Should the gay movement be compared to the African American Civil Rights Movement?

  • To some extent.

    Are they exactly the same in every possible way? No. Are they comparable? Of course. The liberal progress of human-kind, or at least the United States, has given the gay movement the privilege of not being quite as vehemently resisted as the African American Civil Rights Movement, but in some cases, very close. Nearly all aspects of the black rights struggle can be found in this movement. Similarities include oppression of rights (yes, the ability to marry the person of your choosing is a RIGHT), tactics of protest, violence, discrimination, etc. I would simply consider the gay rights movement slightly less extreme.

  • Civil Rights are Human Rights.

    We should compare the African American Civil Rights movement along with any point in history in which a minority has been denied basic human liberties by the majority. Overcoming oppression is a struggle, and both the African American community and LGBT community have struggled. In all honesty, they are both still struggling.

  • 100% Yes, Yes, Yes.

    Just because you can deny your own sexual orientation or hide it, doesn't take away the comparable struggle to the black rights movement. In fact, reviewing history, the women's movement (and struggle today) and the black movement (and struggle today) are very, very similar. Right now, we have come a LONG way with blacks and women in our society to be closer to equal. Yet, sexism still exists in the work place and throughout our nation. Racism as well. The way the rights were obtained are so similar....Peaceful protests, sit-ins, voter mobilization, parades, secret societies, violence, non-peaceful protests, intentional arrests, etc...Each group, women and blacks, they each had these types of mobilization for their rights.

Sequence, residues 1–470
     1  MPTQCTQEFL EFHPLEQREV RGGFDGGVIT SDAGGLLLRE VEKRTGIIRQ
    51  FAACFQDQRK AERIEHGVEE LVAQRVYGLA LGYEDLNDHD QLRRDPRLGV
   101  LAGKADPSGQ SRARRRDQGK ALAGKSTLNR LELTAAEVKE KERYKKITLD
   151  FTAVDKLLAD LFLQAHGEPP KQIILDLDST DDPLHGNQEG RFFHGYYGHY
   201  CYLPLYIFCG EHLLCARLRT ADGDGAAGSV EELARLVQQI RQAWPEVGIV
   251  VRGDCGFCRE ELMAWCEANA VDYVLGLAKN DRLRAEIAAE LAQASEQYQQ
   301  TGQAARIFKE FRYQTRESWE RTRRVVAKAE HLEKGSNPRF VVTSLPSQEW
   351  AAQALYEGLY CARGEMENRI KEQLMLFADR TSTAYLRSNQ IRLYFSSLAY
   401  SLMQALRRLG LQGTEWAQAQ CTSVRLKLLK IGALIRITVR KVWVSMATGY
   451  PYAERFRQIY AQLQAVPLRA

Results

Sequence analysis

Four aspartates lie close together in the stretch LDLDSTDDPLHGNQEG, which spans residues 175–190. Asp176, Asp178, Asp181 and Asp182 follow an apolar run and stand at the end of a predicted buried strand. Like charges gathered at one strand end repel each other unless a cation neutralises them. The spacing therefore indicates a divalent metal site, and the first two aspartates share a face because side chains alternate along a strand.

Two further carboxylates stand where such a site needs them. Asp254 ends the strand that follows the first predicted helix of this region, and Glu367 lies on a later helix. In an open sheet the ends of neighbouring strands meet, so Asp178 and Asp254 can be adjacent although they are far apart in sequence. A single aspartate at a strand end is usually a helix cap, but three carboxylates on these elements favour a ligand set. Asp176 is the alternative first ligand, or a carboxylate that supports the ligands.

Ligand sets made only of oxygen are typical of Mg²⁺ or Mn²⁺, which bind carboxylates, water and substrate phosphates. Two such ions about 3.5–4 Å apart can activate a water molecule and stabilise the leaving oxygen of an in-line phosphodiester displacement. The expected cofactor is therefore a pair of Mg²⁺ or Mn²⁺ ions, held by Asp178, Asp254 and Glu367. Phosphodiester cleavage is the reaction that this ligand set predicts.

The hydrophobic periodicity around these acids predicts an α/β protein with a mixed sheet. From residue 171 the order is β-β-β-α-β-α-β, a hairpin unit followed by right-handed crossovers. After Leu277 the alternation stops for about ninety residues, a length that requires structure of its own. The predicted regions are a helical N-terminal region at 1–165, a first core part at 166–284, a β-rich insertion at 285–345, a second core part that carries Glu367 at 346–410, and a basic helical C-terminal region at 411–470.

And the gays do as well, and we will continue. Same story, different oppression.

  • They are very similar

    They both involve personal and civil liberties being violated. Oppression, discrimination and death all are much to real for both struggles. The reason it's being compared is because both involve an entire group of people being discriminated on the mere basis of how they were born and it is a pretty recent civil rights issue that was taken care of, against the will of the people. I believe the African American civil Rights movement is the same as the gay rights movement, in the sense that majority groups are trying to prevent it from happening, but don't understand that our civil rights are individual, and no group can deny them.

  • Julian Bond and Civil Rights

    You Tube clip titled: Julian Bond: Gay rights are civil rights

    No one is trying to compare gay civil rights to 400 years of slavery nor to 100 years of Segregation. Civil rights are not about how much you have suffered but about inalienable human rights. Would anybody on the NO side of this debate be OK if we made the distinction between civil rights and the Civil Rights Movement?

  • Discrimination is discrimination

    When you are denied civil rights it is a civil rights issue whether you were denied your rights because you are black, gay, Jewish, Muslim, transgendered, or whatever. There are more similarities than differences between how gay people are treated and how African-Americans are treated. And this doesn't get into those who are both gay and African-American.